Vision LOSS

We’ve had a comment on a previous page ‘Where All Roads Lead’ and I’d like to talk about it.

While I’m very happy that you are looking at all of the options, I can’t help pointing out that your idea of what life would be like as a blind person may in fact be very far from the truth. That’s usually the case anyway. Please don’t misunderstand: it’s great that you are looking for options and even more terrific that you are sharing your journey with all of us. But as a rehab counselor and a person who has been blind from birth, I can tell you that people generally have a view of blindness which is much, much, much more bleak than what is actually the case. Just something to keep in mind as you move along your incredible journey.

First of all, thank you for reading our website! Also, thank you for commenting.

I see the post you read was one of the earlier ones. Please read some of the later posts and you will see my attitude gets better. Accepting if not approving.

I did not mean to suggest blindness is the end of the world. What I am writing about is my personal experience.

Since I experienced my vision loss in February, the visually impaired seem to be coming out of the proverbial woodwork! Because I have now become a card-carrying low vision person – or is it P.C. to say person with low vision? – it appears I have fallen into a sphere of influence in which people want me to know about people they know who have sight loss.

Two people who have been blind since infancy have come to my attention. And, yes, they have done very well for themselves. Both have professions. Both have families. The lives they have led thus far have not been bleak. From your comment it sounds as if you fall into that group.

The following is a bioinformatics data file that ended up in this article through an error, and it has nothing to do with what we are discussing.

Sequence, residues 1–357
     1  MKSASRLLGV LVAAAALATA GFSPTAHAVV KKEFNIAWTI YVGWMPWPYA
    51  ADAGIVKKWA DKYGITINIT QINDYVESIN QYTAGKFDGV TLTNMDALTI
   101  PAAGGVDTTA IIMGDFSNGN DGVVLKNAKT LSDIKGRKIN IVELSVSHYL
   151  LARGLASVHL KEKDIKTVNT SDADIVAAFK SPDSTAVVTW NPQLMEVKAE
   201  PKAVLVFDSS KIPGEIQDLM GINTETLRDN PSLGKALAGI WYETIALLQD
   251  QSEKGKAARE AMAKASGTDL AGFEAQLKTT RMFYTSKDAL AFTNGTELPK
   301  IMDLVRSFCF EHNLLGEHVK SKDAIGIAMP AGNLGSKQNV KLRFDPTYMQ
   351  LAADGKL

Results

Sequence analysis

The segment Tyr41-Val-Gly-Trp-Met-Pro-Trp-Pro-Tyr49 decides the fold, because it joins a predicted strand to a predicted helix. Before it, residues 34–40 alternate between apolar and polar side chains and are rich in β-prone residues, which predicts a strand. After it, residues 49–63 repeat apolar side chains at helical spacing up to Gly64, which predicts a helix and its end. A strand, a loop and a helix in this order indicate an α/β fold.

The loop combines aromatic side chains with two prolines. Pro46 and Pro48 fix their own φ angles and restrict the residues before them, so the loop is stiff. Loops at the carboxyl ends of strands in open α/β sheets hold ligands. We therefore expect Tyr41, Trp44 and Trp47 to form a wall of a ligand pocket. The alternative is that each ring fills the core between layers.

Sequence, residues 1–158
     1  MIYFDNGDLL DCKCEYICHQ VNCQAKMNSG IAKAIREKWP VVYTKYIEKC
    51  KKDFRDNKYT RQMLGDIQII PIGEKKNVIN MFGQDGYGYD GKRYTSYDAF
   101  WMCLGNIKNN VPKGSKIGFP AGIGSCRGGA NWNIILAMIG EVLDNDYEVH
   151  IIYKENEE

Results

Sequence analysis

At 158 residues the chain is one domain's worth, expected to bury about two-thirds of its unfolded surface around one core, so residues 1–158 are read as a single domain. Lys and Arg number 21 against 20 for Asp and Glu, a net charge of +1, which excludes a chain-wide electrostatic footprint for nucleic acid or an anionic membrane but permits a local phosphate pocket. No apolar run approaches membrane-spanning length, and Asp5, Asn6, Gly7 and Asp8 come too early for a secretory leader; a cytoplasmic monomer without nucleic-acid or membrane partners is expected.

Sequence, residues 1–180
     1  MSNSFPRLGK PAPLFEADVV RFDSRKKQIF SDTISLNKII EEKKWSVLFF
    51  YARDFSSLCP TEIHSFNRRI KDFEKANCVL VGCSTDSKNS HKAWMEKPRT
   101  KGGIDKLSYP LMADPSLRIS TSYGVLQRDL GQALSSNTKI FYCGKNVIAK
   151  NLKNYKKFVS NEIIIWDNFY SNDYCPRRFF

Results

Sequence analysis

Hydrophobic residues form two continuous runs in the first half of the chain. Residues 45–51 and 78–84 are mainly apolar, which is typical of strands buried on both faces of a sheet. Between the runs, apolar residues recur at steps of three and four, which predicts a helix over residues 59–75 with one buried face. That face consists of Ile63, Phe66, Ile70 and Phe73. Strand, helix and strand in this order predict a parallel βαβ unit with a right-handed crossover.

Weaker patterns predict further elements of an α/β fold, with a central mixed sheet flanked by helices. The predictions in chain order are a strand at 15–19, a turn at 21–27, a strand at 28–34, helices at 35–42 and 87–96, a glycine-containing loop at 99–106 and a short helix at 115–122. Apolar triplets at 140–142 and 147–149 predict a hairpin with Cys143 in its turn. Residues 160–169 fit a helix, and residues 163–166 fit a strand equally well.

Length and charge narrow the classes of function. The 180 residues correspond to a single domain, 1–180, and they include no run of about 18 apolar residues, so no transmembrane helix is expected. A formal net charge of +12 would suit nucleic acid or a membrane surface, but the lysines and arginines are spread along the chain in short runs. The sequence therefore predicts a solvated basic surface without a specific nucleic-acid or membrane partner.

One of those people was quoted as saying he never much minded his blindness. However, he wondered if he would have reacted differently to losing his sight later in life. I think that comment was insightful.

The postings I have been doing – at least the earlier one – have, yes, been about sight loss but at the core they are about loss. Loss, plain and simple. Loss is a small death and it is mourned that way. Those earlier posts were about grief and mourning.

As a professional you may be aware of the stages of grief. According to the article posted by WebMD they are denial, bargaining, depression, anger and acceptance.

Acceptance is defined as the coming to terms with the loss and integrating that loss into the set of life experiences. It is the end stage of grief and it is tenuous. More loss can kick you right back to an earlier stage.

Many people don’t get to acceptance. They get stuck in an earlier stage. For example, sight loss and depression in older folks often go together. If sight loss comes to call, you might as well set a place for depression too.

When you lose a sense or a capability, you lose a part of yourself. It becomes necessary to grieve that loss and build a new self. Any loss of any kind is upsetting. That includes vision loss.

Bottom line? Intellectually, I agree with you. The view of blindness as a bleak and hopeless way to live is not true. Emotionally, I have some traveling to do before I get there. I still have a loss to mourn.

Next: YOU LOOK GOOD!

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